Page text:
“Thirty years ago, rhythm and blues was called ‘race music,’ and white music that was joined with it was ‘rockabilly,’” he continued. “A new wave of music was born incorporating all the facets of the musical spectrum. Then along came the singers – black and white – who had something new. These singers had a lot of soul, and they called it rock’n’roll. I’d probably think first of Fats Domino’s “The Fat Man,” but it was really his hit “Ain’t That a Shame” that opened the door to the rock era.”
The legend of the Beach Boys began half a decade later in Hawthorne, California. The three Wilson brothers were musically inclined and used to harmonize on songs together in their bedroom. In his early teen years, Brian became very influenced by the music of the Four Freshmen and Chuck Berry, and often would spend hours a day picking out parts of songs on the piano. Before long, Brian had assigned different voice parts to this brothers, cousin Mike, and high school friend Al Jardine – later joined by Bruce Johnson.
Of the newly formed Beach Boys, Dennis was the first to notice the surfing trend taking shape, and encouraged his fellow band members to write songs about it. In 1961, the group officially called themselves the Beach Boys and recorded their first single, “409,” on a small record label. The single, backed with “Surfin’ Safari,” became a national double-sided hit, which led to an exclusive record contract with Capitol Records. In the next few years, the Beach Boys’ songs continued to remain high on the charts with the likes of “Surfin’ USA,” “I Get Around,” and “Shut Down.”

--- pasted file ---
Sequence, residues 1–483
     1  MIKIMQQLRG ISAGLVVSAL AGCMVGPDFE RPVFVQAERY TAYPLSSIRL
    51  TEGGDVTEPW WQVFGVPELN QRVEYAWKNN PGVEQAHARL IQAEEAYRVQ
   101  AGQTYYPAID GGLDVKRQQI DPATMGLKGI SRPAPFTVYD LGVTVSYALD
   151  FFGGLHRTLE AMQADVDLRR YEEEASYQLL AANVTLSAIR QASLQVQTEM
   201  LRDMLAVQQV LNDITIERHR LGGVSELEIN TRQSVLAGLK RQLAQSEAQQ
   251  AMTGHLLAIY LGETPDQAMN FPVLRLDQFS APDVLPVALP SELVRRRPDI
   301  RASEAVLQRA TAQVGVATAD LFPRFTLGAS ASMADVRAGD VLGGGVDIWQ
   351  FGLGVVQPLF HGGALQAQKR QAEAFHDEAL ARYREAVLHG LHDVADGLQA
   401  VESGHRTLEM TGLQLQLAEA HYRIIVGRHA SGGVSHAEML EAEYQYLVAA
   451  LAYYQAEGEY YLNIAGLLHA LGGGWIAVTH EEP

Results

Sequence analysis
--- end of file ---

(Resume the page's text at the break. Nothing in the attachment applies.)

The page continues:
At one point of their fascinating career, Brian Wilson found the pressures of performing and recording too intense and was forced to take a leave of absence. Although he didn’t perform with the Beach Boys, Brian still continued to direct their musical affairs. Over the years, there have been many different versions of the story told as to what actually happened to Brian. For three years the vulnerable musician remained confined to his room, and had been diagnosed a paranoid schizophrenic. Mike was asked to comment on Brian’s delicate problem.
“He took some drugs; Brian’s a very sensitive person,” Mike explained, “There are certain people that can take drugs that can maintain and certain people that can take them and blow it bad. It is the same thing with alcoholics. There are those who drink and go crazy; then there are the drugaholics, too. Brian is one of those people that are so sensitive that he took these drugs and it messed him up for quite a while. He is still recuperating from it, too. It was the most tragic thing that could have happened to him.